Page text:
Random coronavirus testing will be introduced at airports in the Republic of Ireland, the country’s health minister has said.
Speaking to RTÉ’s This Week program, Stephen Donnelly said the move was necessary because “the international situation is becoming increasingly volatile.”
He said passenger tracking forms were being made electronically and search teams needed to be “regrouped”.
Mr. Donnelly said the government would continue to take “a cautious approach”.
The Republic of Ireland has seen a recent increase in the number of coronavirus cases.
In the past three days, the country’s health department recorded 168 new cases of the virus, up from 65 cases the previous three days.
“We are introducing random testing at airports and an increased public health presence,” Donnelly said.
‘Concerned about the peak’
He said the government was also examining other options for new restrictions on non-essential travel.
When asked if Ireland is doing anything differently than other countries seeing a resurgence of the virus, Mr Donnelly told the program that in terms of overseas travel, Ireland has the most measures restrictive from all EU countries.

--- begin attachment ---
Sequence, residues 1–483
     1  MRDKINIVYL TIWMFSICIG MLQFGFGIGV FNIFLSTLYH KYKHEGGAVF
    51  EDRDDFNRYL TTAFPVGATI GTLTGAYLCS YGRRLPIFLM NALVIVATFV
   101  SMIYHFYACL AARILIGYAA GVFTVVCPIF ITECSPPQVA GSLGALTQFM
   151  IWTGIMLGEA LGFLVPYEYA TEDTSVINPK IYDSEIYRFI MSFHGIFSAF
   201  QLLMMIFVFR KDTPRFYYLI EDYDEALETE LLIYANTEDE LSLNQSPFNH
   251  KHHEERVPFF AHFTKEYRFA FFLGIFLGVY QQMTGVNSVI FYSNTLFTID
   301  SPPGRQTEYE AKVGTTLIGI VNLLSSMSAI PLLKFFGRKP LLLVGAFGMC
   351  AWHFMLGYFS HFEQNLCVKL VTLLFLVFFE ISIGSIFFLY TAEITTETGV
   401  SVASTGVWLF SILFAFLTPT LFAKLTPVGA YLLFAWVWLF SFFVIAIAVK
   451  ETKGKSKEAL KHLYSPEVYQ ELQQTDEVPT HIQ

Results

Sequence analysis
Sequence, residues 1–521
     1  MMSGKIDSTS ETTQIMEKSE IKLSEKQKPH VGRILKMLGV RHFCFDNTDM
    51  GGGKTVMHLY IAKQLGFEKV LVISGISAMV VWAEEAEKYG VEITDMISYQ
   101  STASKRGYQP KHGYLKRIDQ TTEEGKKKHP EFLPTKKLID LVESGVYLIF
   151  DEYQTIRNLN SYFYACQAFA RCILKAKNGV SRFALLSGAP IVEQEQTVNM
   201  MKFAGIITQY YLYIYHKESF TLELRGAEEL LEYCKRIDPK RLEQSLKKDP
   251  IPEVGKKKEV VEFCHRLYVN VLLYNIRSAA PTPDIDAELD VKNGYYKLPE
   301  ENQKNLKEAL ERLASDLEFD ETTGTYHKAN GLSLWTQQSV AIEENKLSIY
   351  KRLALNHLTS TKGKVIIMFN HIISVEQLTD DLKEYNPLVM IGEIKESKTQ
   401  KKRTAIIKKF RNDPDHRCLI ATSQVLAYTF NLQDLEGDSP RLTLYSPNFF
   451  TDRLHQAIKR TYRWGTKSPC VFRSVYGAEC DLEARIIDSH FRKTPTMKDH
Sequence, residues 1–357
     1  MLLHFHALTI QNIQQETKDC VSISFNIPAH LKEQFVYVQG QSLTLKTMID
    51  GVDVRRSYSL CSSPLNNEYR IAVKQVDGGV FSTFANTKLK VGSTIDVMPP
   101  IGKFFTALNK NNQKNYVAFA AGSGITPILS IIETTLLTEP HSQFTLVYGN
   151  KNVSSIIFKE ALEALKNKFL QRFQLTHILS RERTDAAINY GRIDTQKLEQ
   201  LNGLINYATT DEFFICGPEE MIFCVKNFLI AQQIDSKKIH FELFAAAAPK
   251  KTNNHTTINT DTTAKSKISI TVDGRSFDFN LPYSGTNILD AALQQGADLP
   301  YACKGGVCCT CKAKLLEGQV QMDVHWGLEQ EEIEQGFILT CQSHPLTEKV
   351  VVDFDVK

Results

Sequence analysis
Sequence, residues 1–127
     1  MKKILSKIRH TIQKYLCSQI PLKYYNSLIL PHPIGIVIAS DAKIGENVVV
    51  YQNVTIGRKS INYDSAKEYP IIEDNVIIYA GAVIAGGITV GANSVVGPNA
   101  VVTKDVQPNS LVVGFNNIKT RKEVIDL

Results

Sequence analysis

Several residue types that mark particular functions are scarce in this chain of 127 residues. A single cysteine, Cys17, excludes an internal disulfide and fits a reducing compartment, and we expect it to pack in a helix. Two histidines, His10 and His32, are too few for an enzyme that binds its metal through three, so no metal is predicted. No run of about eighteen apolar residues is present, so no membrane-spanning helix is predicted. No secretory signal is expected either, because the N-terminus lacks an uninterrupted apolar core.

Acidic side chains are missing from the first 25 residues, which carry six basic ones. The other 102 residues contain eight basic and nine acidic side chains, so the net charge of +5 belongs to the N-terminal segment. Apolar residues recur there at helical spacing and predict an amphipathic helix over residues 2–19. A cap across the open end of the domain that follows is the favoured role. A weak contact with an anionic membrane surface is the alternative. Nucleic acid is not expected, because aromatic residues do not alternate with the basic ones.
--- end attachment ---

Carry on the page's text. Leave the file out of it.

Mr Donnelly said he was concerned about the spike in cases and that the government was closely monitoring cases.
Anyone entering the Republic of Ireland, except Northern Ireland, is required to restrict movement for 14 days.
Northern Ireland’s Health Minister Robin Swann previously expressed concern over how visitors from countries at high risk of Covid-19 are monitored after crossing the Irish border.
Mr Donnelly also said officials would examine “all options” for reopening pubs at his Tuesday meeting, with a view to keeping the reopening of schools on track.
Pubs that don’t serve food are due to reopen on August 10, and Mr Donnelly said the government would make a decision based on advice from the national public health emergency team and did not want to prejudge what she advises.